Water is one of the vital resources for food, sanitation, production input in industry and sustainability of the world's ecosystem. Water scarcity creates challenges with national, regional and seasonal water shortages in some parts of the world. Water scarcity is increasing with the new water development costs, degradation of soil in irrigation areas, underground water depletion, degradation of water related ecosystems and industrilization. The textile industry that causes water pollution includes production processes where water consumption is the largest.
The textile sector has a heterogeneous structure that consists of many sub-sectors: synthetic fiber production, natural, synthetic fiber preparation and yarn production; fabric weaving, knitting, non-woven fabric production and carpet manufacturing processes. However, depending on the type of fiber to be processed in the industry and customer demands, dyestuff type used may differ in finishing-dyeing technique, finishing processes. The wastewater generated in the textile industry generally varies considerably in terms of quantity and composition. There are three major pollutants found in textile effluent which include color, dissolved solids and toxic metals. The differences in the operational processes and technologies that are renewed every day reflect on the composition of the wastewater. Since washing, dyeing and bleaching processes require large amounts of water, high volumes of colored and low organic matter can cause wastewater. In this wastewater, in general, many pollution parameters such as COD, pH, BOD5, color and salinity show high values and every process applied in parallel with different technologies in the industry makes it impossible to treat the released wastewater by a standard treatment method.
Textile waste waters consist of dyes, suspended solids, organic substances. When colored components in wastewater are discharged into water bodies together with wastewater, it stops the reoxygenation capacity of the receiving water and prevents absorbing sunlight. Thus, it disrupts the biological activity in the water. The variety of textile products is increasing day by day. As different variables of dyes according to chemical properties are used in the production process, textile wastewaters are difficult to treat.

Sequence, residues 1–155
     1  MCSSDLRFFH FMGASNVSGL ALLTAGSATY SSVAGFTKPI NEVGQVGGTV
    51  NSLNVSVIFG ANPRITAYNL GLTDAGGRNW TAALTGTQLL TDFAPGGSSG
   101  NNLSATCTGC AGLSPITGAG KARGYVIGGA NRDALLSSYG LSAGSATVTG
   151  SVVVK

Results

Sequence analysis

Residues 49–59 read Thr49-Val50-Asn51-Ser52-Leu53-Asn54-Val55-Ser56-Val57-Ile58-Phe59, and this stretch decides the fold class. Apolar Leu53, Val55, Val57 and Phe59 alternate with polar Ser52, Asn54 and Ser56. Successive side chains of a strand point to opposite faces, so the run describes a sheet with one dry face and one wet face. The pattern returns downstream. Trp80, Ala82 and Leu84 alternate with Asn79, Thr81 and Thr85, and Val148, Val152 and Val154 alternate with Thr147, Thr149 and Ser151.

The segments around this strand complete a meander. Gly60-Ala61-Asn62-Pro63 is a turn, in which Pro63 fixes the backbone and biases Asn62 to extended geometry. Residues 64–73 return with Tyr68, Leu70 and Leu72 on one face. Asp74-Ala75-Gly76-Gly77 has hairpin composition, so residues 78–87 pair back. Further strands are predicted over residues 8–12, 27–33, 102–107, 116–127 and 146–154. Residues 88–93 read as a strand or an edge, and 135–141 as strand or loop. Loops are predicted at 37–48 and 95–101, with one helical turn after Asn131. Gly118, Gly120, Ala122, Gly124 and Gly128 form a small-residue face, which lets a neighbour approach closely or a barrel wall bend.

Textile wastewater is one of the most polluted wastewater due to its high chemical oxygen demand (COD), intense color, high pH, high temperature and low biodegradability. Synthetic dyes in large-scale production can cause health problems (allergies and skin irritation), harm marine animals due to toxic effects (mutagenic or carcinogenic).
Fast fashion is quickly changing in the clothing industry. Clothes are designed and manufactured quickly every week. Fast fashion also describes "low-cost clothing". Affordable clothes are mainly manufactured from syntetic textile fibers that cause microplastic pollution in water.
According to the published Global Risks Report 2018, environmental risks are related to water contamination. Water risks are ranked at the top 5 global risks. The U.N. Sustainable Development Agenda aims by 2030 to improve water quality by reducing pollution, minimizing release of hazardous chemicals and substantially increase water-use efficiency across all sectors.
Sustainable fashion should include a cycle of design, production, use and disposal. The cycle consists of recycling clothes, reducing emission and water consumption, as well as less chemicals in production. Nowadays, even if sustainability seems to be crucial, recent studies shows that the fashion industry has not reached the full potential of sustainability. In the current situation, manufacturing plans are not sustainable enough to maintain water resources.